This disjuncture, I would argue, leads to a profound sense of demotivation. Indeed, I would say that it is a leading reason for a typical ESOL/ESL student becoming essentially 'diminished' in a way that an EFL student (who is studying the language as a subject, rather than as a medium through which things are learned) does not experience.
This may suggest that they way in which English is taught may need a rethink, certainly for ESOL students. While the Skills for Life materials do, in some respects, attempt to do this, they are rather feeble.
This also suggests that we may be able to talk about a 'hierarchy of language needs' - that is, optimal levels at which a student requires particular things and ways to express him/herself. This, though, would look very different from the mapping of language skills mapped over the Maslow hierarchy, as to some extents it would be informed by the student's own perception of need. What I would would then like to do is map it against statistics for achievement and levels of achievement against exam results and learner progression, in order to see if the hypothesis matches real-world results.
Could be interesting.

Tuesday, 9 March 2010

More on depression and speaking

Yesterday's post, and the ideas behind it, has prompted quite a bit of interest among my colleagues and over on one of the discussion boards I frequent, and got me thinking further too. This morning, I did a bit of thoroughly unscientific research with my L1 (that's an intermediate-upper-intermediate level) and E3 (pre-int - int level) classes. I asked them, first 'does speaking in English ever make you feel depressed?'
The answer was almost unanimously 'yes', except for one student who just giggled. Mind you, she does tend to giggle at pictures of kittens, handbags, passing clouds and occasionally while staring blankly into space, so...
I then asked 'why?'
You can probably guess the types of answer - embarrassment, fear of mistakes, frustration, etc.
I then asked, 'are there any situations which make you feel particularly embarrassed?'
Here the answers were varied. For a significant portion, it was talking on the phone: others mentioned more formal social situations such as going to the bank or talking with their children's teachers. A few of the more confident students said that they couldn't answer colleagues back in more formal meetings.
I then asked 'What situations/things would you like to talk about, but feel you can't?'
Here the answers were varied, ranging from talking to the council about housing benfits, to discussing schoolwork with a teacher, up to talking about politics, environmental issues, dance and music.
Lastly, I asked 'do you sometimes feel as though you are disabled?'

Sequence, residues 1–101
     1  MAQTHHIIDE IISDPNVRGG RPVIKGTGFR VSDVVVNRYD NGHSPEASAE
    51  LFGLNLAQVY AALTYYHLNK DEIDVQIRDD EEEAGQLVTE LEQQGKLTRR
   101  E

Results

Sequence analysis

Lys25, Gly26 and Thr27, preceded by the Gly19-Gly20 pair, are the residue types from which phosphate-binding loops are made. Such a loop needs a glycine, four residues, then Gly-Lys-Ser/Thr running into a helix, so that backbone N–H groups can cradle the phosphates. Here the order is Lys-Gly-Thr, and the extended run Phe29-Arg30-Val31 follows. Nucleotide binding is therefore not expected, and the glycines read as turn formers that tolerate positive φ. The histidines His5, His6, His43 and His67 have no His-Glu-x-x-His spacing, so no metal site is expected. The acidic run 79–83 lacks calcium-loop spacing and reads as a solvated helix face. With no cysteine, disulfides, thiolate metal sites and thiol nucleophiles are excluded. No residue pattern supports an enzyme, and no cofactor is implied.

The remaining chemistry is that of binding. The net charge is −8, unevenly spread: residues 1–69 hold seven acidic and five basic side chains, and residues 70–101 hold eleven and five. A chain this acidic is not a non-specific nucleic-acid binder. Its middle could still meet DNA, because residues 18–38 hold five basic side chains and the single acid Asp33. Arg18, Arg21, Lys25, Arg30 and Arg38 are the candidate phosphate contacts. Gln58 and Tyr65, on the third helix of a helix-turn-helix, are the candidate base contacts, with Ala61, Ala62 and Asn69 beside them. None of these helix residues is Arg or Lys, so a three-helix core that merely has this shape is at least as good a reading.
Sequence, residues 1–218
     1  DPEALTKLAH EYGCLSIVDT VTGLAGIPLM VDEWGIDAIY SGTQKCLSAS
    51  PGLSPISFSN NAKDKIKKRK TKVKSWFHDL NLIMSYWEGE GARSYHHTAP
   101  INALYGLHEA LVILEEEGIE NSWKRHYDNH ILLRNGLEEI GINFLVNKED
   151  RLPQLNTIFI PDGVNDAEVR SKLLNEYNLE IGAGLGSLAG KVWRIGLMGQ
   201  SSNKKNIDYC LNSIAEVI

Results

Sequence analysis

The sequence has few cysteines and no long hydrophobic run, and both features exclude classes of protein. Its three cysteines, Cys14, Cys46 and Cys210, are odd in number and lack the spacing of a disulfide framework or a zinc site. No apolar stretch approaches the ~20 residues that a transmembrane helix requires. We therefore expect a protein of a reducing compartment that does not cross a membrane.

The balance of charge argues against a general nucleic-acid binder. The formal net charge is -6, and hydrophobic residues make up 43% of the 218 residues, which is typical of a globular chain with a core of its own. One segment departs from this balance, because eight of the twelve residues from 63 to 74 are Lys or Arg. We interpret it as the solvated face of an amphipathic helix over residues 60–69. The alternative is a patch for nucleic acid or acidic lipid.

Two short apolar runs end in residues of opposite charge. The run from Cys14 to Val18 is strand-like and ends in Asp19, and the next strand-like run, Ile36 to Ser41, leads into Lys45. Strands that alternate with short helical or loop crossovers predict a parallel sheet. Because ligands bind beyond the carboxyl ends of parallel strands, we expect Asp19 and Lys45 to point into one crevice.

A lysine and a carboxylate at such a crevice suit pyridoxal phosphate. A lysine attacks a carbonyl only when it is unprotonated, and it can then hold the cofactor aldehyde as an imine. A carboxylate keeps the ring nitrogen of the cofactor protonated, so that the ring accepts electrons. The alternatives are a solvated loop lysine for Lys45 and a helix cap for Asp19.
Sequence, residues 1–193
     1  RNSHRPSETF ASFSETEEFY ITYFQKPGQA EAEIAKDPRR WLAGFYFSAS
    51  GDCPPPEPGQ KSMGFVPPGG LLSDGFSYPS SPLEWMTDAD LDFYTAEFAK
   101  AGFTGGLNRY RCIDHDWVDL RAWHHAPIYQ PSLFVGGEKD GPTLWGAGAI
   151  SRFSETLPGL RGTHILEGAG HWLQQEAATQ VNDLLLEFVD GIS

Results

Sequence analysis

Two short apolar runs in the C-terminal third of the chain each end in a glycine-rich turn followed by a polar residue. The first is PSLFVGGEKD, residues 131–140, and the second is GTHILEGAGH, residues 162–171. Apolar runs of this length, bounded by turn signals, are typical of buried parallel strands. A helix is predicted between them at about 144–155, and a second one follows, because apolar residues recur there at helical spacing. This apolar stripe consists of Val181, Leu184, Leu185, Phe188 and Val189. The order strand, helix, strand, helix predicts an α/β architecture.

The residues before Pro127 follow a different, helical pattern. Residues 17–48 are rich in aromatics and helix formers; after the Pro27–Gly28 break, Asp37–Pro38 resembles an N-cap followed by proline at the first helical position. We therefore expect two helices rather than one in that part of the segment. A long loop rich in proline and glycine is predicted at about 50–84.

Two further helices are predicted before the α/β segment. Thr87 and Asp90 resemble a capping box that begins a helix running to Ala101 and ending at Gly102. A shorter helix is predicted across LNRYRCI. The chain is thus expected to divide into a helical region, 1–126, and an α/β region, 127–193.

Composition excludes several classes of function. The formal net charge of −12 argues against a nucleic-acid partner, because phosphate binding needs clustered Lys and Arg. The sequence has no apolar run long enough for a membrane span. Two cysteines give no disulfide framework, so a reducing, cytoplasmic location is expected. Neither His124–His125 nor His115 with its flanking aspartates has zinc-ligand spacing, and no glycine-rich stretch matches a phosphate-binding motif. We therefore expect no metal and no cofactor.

A unanimous 'yes'.
and 1 giggle.
The finding that most interested me was the one about which things people would like to be able to talk about. It shows, I think, that the level at which students would consider a conversation 'deep' and 'satisfying' vary enormously. It's no wonder that language learners do get so demotivated.
It's also set me off on what may turn out to be a rather exciting tangent of thought, but I'm going to have to put in a bit of research first. More later.

Monday, 8 March 2010

Speaking foreign makes you depressed, innit?

I know, I know, far too long, far too busy, but it's time to kick this old corpse out of its coffin and bring it lumbering back to life...

Is it possible that speaking in a foreign language can actually make you depressed?
It might seem a somewhat bizarre notion: After all, learning languages is supposed to be an incredibly liberating thing, allowing you to communicate with new people and new cultures, to open your eyes to another way of seeing the world.

That's what language teachers say, anyway - after all, they have only their jobs to lose.

But consider this report on a piece of research. The basic findings are that people who spend more time engaged in chat and gossip are significantly more likely to be depressed than people who engage in 'meaningful' discussions.

Now consider what we do with our students in class and what kind of topics are used - do these count as 'meaningful'? It strikes me that it is possible that the type of topics, along with the limitations of a student's level of language and their ability to express their ideas, may collude to be massively demotivating. We already know that students get frustrated at not being able to say certain things, but if we are also making them depressed by getting them to talk about, let's say, collections and hobbies to express the notion of habitual behaviour, then we are ladling on the problems. When we also consider that many students tend to drop out of English study round about Intemediate level - when their level of language is just emerging into an increasingly more sophisticated level of complexity, but the topic matters used are frequently banal - then we may have one of the (many)reasons why the dropout rate is so high.

Of course, it's all about keeping the students interested, curious and open-minded, but let's face it, unit 5, exercise 3 (listen to Brian talk about his dead pet hamster) probably isn't going to cut it. This is where getting to know our students as individuals, their hobbies, interests, likes and dislikes, is so important. It's also important to consider the fact that one person's notion of 'meaningful discussion' may not be the same level as another's. Matey in the corner might only satisfied with a weighty talk on Wittgenstein, while someone else will be thoroughly satisfied discussing puppies and shopping. It's all about the differentiation in class.
However, I suspect it may be difficult to find a text about Wittgenstein shopping for puppies.